1. Meet with the floral designer face to face, if at all possible. Yes, business can usually be conducted over the phone and with email, but she will get a better feel for your style and personality, and you will get a better sense of her skill and competency if you meet in person.
2. Know what you want (for the most part) BEFORE you sign a contract. Some vendors (like me) are somewhat flexible after a contract is signed with additions or substitutions, but ultimately a contract locks you in to the agreement. If you're not fairly certain what you want, you aren't ready to book yet.
3. Once the contract is ready, read it through completely- know what you're agreeing, too. The contract is there to protect both the customer and the business owner.
4. PLAN AHEAD. Even for funerals, you generally know at least a few days in advance when and where the services are going to be held. Whether you call a floral designer or a florist shop, if you don't call until the day of or late the night before, it is likely that the floral designer won't be able to complete your flowers in the time you need.
5. On a similar note for brides; It is extremely time consuming and inefficient (and messy) for a floral designer to arrange centerpieces on site. Generally, venues have a limited set up time allowed. We know it can save you money to borrow vases from the caterer or venue, but if you can't get them by the day before, you should reconsider. As wedding professionals, we like to stay behind the scenes- we want to be out of sight by the time your guests arrive, but if the venue only give us 1 hour to decorate an arbor and arrange 15 centerpieces in the vases you borrowed, we aren't going to have time to finish. Most vases are cheap- you can find great deals on Amazon if you want to buy your own, or collect a bunch of coupons and shop at the retail craft stores.... or just let us provide the vases as part of your order. The small savings on vases is not worth the stress.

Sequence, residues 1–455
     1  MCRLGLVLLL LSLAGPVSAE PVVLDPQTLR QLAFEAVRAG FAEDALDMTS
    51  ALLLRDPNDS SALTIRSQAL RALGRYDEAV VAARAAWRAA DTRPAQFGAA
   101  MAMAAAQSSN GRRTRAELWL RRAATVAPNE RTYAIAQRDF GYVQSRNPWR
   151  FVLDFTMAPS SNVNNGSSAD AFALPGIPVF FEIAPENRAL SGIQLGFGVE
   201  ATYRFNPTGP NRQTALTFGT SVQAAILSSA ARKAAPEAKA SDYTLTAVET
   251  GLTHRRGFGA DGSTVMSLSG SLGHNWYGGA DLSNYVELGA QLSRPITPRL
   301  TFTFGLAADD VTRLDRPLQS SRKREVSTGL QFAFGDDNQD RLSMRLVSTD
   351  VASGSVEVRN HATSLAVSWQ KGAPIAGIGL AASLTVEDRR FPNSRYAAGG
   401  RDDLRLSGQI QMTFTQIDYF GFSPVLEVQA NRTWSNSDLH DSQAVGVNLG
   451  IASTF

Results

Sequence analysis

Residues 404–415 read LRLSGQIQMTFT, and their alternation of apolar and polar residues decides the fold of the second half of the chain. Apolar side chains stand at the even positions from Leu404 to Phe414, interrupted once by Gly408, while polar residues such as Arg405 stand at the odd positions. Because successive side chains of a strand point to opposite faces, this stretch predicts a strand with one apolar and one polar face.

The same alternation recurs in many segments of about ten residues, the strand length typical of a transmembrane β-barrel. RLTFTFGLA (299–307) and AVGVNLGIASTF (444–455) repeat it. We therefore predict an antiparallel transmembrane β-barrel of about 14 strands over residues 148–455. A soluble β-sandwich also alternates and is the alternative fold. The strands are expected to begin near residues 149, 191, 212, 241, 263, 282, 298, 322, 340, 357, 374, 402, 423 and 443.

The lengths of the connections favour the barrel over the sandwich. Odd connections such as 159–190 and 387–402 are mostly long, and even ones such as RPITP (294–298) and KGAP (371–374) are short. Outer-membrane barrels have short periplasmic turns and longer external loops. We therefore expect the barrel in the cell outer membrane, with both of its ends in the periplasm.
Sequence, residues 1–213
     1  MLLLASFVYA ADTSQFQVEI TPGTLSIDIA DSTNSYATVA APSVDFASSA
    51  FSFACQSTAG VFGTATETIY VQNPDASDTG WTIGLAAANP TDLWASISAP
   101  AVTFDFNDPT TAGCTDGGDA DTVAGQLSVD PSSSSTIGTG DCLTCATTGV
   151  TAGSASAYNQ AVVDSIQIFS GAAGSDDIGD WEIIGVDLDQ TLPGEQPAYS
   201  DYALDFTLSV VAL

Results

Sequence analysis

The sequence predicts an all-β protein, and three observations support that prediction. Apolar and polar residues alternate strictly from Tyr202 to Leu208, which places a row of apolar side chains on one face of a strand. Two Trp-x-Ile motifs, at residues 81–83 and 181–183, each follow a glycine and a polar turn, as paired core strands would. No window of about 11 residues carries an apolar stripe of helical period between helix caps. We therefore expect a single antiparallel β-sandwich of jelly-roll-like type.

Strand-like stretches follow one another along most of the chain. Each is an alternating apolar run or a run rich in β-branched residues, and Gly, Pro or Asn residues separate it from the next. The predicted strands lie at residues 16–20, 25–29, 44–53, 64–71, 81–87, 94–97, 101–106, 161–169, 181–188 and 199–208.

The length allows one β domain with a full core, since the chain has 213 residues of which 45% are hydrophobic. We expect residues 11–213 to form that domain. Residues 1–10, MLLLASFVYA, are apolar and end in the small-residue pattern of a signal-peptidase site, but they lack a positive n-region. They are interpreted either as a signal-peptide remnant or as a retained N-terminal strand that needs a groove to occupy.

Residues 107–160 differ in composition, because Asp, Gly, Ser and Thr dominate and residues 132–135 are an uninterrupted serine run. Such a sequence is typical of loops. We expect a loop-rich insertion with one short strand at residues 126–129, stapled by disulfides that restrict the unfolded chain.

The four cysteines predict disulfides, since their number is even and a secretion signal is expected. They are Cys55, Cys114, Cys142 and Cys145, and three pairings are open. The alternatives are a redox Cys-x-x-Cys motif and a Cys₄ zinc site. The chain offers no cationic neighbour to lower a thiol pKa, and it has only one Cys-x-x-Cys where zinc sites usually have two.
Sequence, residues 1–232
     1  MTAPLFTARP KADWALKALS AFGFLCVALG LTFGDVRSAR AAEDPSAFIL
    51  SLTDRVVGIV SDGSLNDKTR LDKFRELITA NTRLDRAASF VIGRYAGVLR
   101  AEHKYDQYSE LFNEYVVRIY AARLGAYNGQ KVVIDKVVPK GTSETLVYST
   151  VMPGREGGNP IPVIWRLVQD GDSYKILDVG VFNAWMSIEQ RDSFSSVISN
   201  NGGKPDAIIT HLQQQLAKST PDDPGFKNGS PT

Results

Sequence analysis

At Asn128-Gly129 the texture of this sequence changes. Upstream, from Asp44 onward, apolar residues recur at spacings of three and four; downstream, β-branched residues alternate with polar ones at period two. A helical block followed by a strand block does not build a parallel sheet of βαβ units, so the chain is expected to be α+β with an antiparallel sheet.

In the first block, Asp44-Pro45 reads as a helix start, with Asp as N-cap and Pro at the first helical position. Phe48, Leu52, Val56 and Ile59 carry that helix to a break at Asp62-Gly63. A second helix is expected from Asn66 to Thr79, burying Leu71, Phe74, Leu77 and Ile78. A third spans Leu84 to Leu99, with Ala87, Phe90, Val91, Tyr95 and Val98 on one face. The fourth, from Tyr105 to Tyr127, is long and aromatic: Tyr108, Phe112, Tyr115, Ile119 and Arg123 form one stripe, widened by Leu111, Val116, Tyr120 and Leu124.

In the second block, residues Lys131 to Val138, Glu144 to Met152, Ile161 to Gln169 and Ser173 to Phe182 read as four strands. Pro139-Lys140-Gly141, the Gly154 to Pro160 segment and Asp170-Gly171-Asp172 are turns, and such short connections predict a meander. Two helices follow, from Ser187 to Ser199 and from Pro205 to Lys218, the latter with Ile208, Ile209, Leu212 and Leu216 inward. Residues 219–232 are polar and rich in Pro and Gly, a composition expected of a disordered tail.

6. Finally, be FLEXIBLE. Keep in mind that fresh flowers come from living plants, and as such, there are sometimes unexpected events that may make it difficult to get exactly what you're picturing. Flowers come in many shades, but they may not exactly match the swatch of fabric you got from the bridal store. If the flower farms get too much or too little rain/snow/sun/heat/cold that can change what is available at any given time. Your floral designer will do her best to match your vision and will find the best possible replacement if the blossom you wanted isn't available. If you are flexible, I'm confident you'll be happy with the outcome.
Follow these tips and you'll have smooth sailing with your floral vendor.